I was surprised to see this one here as my six year old is just getting the hang of the days of the week. But it doesn’t mean my child is behind. If your child doesn’t go to school at 4 or you’ve never bothered to teach them, then they will not know it. However if you’ve done the suggested activities and tried to teach it and she is still not getting it, then you might start wondering. I’m not worried, my daughter is starting to get the hang of the days of the week and is showing interest in learning.
- Likes working on projects and may carryover an activity from day to day (Four Year Old FEELS)
My husband brought home scratch art kits and they work on it a little each day so she does this. Sometimes she is worried about finishing something she is doing and I remind her that she can work on it the next day.
I also checked my other children against the lists. Anything they weren’t doing yet or I wasn’t sure if they could, I will do the suggested activities for. If you look in the “My Child Did Not Meet a Milestone. Now What?” section is tells you not to panic, that checklists are based on statistics and your child may be close to meeting a milestone. It recommends you use the activities given to encourage your child to respond appropriately.
This is an amazing resource. If you are familiar with the Nippissing Screening checklists or other such checklists, I find My Baby Compass way better. Why? It includes skills not covered by other screening checklists and even in the speech section, doesn’t just include how many words they speak or understand and such but also what letter sounds they should be able to make and such. The resources alone make it worth the price.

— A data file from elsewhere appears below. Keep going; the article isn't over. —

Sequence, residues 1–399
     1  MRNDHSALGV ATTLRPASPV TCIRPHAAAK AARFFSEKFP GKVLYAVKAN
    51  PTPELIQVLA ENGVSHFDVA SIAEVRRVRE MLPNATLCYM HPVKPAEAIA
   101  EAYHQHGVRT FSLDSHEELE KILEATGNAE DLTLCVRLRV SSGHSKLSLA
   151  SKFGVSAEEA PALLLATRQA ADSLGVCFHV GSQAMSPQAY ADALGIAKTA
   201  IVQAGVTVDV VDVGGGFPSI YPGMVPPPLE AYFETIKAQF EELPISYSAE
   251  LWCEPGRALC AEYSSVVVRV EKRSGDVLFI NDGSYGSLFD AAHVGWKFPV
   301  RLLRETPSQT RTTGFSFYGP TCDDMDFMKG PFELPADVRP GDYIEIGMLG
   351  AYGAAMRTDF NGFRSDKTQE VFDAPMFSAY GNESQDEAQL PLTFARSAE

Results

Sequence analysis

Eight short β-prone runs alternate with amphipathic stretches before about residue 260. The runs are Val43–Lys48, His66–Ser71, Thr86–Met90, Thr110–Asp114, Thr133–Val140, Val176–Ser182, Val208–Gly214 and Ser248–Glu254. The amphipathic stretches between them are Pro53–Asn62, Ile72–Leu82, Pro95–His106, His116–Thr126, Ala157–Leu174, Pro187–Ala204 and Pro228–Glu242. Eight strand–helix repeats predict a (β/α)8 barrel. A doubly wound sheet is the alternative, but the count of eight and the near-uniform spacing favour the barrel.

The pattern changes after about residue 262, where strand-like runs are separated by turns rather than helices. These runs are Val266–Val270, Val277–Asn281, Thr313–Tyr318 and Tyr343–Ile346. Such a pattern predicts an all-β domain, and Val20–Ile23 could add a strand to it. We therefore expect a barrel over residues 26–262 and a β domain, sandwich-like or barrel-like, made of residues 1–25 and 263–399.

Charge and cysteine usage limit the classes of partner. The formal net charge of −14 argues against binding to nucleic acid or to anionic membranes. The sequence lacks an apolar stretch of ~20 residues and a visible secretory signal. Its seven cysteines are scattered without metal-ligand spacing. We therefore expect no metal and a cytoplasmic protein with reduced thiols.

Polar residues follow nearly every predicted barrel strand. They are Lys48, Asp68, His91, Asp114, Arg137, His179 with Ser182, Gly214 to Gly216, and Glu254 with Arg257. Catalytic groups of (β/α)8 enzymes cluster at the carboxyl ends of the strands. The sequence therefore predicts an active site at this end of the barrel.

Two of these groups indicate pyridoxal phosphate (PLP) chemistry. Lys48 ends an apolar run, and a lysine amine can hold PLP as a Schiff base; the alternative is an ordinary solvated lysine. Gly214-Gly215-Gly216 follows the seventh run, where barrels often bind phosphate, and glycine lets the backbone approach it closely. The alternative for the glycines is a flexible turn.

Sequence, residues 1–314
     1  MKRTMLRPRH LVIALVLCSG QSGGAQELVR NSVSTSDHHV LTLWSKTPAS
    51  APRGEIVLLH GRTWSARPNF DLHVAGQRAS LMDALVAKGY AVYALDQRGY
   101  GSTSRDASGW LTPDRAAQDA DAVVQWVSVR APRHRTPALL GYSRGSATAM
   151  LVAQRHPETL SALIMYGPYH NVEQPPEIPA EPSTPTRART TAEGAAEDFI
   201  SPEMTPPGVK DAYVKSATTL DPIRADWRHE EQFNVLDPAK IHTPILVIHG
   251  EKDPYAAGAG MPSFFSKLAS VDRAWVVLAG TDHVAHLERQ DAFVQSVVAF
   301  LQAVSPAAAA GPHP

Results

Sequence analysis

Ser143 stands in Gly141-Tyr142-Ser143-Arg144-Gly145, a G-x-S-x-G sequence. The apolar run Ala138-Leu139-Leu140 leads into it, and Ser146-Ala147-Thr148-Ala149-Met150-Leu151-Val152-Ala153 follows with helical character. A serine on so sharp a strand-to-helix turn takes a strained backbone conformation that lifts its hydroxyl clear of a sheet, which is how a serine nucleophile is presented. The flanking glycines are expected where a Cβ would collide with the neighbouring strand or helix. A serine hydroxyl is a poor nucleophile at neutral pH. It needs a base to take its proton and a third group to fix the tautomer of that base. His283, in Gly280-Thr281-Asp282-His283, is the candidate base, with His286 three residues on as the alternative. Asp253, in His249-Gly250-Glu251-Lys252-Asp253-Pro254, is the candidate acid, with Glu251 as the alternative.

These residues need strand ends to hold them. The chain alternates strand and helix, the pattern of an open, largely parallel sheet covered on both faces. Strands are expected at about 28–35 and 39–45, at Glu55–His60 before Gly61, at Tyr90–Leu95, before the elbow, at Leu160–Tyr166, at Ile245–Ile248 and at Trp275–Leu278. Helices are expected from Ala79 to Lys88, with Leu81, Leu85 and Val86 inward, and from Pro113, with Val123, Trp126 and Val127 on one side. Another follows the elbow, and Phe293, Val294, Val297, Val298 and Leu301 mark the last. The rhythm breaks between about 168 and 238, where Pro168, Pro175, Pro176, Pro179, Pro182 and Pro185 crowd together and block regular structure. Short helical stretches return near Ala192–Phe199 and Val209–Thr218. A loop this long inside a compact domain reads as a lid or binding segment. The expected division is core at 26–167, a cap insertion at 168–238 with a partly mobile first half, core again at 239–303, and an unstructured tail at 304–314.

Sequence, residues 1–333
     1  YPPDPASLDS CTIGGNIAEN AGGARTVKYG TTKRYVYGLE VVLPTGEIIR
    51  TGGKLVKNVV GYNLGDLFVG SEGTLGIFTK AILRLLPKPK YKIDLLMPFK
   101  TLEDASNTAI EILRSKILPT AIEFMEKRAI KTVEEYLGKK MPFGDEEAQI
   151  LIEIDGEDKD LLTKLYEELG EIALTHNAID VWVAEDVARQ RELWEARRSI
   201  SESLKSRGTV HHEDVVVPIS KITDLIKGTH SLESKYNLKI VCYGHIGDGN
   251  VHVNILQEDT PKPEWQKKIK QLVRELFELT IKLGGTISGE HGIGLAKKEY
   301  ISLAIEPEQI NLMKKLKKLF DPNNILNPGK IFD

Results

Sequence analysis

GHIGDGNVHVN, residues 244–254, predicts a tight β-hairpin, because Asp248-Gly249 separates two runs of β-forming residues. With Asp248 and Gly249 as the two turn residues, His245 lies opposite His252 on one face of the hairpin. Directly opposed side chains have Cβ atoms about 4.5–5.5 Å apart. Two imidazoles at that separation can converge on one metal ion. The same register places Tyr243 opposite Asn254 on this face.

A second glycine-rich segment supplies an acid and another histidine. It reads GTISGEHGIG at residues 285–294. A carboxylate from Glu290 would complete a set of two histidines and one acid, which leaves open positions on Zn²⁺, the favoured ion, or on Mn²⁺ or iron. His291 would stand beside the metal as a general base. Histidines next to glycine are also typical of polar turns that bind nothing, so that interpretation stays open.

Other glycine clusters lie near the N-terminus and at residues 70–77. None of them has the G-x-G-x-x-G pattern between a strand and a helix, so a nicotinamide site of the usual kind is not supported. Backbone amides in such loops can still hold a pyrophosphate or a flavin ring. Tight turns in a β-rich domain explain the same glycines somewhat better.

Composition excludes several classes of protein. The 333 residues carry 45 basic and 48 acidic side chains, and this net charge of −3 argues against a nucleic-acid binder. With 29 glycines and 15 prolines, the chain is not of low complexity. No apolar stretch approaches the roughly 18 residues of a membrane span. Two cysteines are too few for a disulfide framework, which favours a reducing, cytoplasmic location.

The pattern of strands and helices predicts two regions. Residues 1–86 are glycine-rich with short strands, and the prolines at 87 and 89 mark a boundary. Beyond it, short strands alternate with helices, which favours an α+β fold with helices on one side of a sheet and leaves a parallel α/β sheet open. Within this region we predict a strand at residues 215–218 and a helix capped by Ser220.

Some of the Resources You’ll Find:
- Baby Info such as Feeding, Quality Time, Routines, How Babies Grow/Learn etc. (Book One)
- Communication Process: How Babies Learn to Talk, Listening/Speaking Style, When Baby Cries, Signing (All Books – slightly different in each)
- Age Appropriate Toys and Playtime Ideas (All Books)
- Music and Rhymes for Fun and Learning (All Books)
- Sign Language (All Books)
- Toddler Info such as Potty Training, Play, Tantrums, Discipline, Feeling Words (Book Two)
- Suggested Vocabulary: Basic Words, feeling words, different/same words, rhyming words etc. (Book Two)
- Book Suggestions (Book One/Two – small list, Book Three includes Books to help with language development and Books to help with sound development)
- Preschooler Info such as Preschool/School, Creative play, Bullying, Conflict, Discipline, Feelings, etc. (Book Three)
- Vocabulary and Phonological Awareness Appendix (Book Three)
Even if your child is already 6, I would recommend the third book because it has all kinds of information with regards to how children learn to read and ways to help them with the specific skills they will need. In fact I HIGHLY recommend this product to ALL parents and those who work with children.
*Answer to Test Your Knowledge
Indicates a need without crying (like pointing or getting an object) – 12 months
Moves to music – 6 months
Show off for attention – 18 Months
Puts together four part toy – 36 months/3 years
Identifies four to five colours when asked – 41/2 years
Understands simple time intervals – 7 years
*Disclosure: I received the product(s) mentioned above free of charge by the company or PR representative for evaluation purposes. No other compensation was provided. See my Disclosure Policy for more information.
Latest posts by Kathleen Bailey (Garber) (see all)
- Saint Patricks Day Music + a FREE Playlist #EntertainmentHOP - February 25, 2015
- 7 Lip Tips aka How to Pick the Right Lipstick Shade #PGmom - February 24, 2015
- Create Your Own Destiny Craft For Kids #StreamTeam - February 20, 2015